BIRMINGHAM WEEKLY: So how did the Americana Awards you emceed go this year?
JIM LAUDERDALE: It went great. The show was really terrific and Iím real proud of my friend Buddy Miller for making such a large sweep of awards, well deserved, and it was really great to have John Fogerty there. You know, weíve had some real heavy hitters there over the last several years, so weíre continuing in that tradition. It was terrific to have him and heís just a great voice. He performed the night before, and I just think people are really thrilled to have him there.
BW: He represents the spirit of Americana, to be sure.
BW: Can you tell us a little about what it was like to spend your summer vacation touring with Elvis Costello?
JL: Boy, that was a lifetime dream ó aw, shoot. Thereís a lady thatís stuck over here. Hold on. I need to push this lady out of the way.
[There is an interlude, during which Jim Lauderdale ditches the interview to assist a hapless motorist. Did we say he was Raised Right?]
JL: Sorry. You still there?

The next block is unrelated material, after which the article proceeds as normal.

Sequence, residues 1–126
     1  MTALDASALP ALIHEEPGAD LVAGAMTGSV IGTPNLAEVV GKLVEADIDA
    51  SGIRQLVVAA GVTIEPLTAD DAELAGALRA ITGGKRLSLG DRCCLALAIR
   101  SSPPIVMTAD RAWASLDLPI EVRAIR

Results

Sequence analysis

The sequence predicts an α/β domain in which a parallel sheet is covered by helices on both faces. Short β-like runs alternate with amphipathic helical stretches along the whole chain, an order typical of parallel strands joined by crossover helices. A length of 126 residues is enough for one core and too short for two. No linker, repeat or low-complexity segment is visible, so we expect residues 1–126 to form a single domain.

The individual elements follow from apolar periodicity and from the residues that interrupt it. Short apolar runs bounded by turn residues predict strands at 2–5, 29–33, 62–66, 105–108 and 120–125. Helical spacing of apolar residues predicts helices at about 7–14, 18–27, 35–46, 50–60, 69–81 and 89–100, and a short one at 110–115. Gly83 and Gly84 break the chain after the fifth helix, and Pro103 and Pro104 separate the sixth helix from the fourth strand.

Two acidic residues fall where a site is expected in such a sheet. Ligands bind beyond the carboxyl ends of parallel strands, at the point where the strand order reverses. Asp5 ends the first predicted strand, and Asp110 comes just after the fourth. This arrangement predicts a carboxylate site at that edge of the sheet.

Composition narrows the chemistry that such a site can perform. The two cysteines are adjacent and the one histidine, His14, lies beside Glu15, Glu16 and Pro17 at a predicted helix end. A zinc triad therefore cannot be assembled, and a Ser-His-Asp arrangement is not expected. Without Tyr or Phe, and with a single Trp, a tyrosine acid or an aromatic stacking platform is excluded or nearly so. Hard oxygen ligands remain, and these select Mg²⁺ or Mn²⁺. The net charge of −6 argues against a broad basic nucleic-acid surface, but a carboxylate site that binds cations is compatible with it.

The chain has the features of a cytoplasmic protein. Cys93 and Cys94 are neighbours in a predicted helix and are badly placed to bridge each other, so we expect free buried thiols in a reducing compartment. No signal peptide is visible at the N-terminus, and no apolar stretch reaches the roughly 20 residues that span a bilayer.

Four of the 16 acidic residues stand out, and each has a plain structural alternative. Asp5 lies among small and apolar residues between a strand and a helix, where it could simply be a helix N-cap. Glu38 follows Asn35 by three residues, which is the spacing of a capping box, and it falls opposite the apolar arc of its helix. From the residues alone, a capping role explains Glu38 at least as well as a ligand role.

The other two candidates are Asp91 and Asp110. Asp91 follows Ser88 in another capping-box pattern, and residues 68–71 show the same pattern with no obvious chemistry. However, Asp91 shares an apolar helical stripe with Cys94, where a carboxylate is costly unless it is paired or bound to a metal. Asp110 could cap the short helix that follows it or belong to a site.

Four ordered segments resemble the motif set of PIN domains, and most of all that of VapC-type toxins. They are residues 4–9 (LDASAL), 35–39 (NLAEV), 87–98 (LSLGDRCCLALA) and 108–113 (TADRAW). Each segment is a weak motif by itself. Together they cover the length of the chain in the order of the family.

BW: Did you have a little fracas on the roadside?
JL: Yeah. This lady ran out of gas, so me and this other fellow pushed her into a gas station. Luckily, there was one real close. Iíve got my stage clothes on, Iím on my way to this Academy of Country Music awards thing, not broadcast, but theyíre honoring a few different people and Iím doing a Harlan Howard medley. Harlan was a dear friend and a good mentor and just a wonderful guy.
BW: Was he able to impart any of his unique songwriting style to you?
JL: Well, when we were writing together, he was primarily a lyricist, but he did have some melodic ideas he threw in as well. One of my favorite songs we wrote together ó we were sitting around talking and he was asking me about my love life. I was telling him about something and he said, ĎWell, youíll know when itís right.í And when he said that, I got this sort of a chill, and he was talking on about it and I said, ĎHarlan, hold on a minute, Ďcause this melodyís coming to me and it goes like this.í I started singing this thing, and then he started writing away on a legal pad and pretty soon we had a song, in fifteen minutes. He kind of wrote more lyrics than we needed and we just edited it down. We had a fun collaboration and just being around him was inspiring. Youíd absorb things just by osmosis.
BW: Who would you say has done the best cover of one of your compositions?